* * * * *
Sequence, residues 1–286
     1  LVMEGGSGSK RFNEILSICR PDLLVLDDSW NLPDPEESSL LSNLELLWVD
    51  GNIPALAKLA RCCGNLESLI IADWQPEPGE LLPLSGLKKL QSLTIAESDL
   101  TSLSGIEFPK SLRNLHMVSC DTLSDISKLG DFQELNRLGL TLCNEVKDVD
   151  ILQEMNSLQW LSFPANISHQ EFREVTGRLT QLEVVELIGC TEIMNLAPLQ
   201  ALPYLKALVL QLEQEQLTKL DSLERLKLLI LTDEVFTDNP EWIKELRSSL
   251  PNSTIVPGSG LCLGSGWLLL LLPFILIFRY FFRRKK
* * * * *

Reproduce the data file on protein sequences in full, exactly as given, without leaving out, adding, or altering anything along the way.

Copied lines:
Sequence, residues 1–286
     1  LVMEGGSGSK RFNEILSICR PDLLVLDDSW NLPDPEESSL LSNLELLWVD
    51  GNIPALAKLA RCCGNLESLI IADWQPEPGE LLPLSGLKKL QSLTIAESDL
   101  TSLSGIEFPK SLRNLHMVSC DTLSDISKLG DFQELNRLGL TLCNEVKDVD
   151  ILQEMNSLQW LSFPANISHQ EFREVTGRLT QLEVVELIGC TEIMNLAPLQ
   201  ALPYLKALVL QLEQEQLTKL DSLERLKLLI LTDEVFTDNP EWIKELRSSL
   251  PNSTIVPGSG LCLGSGWLLL LLPFILIFRY FFRRKK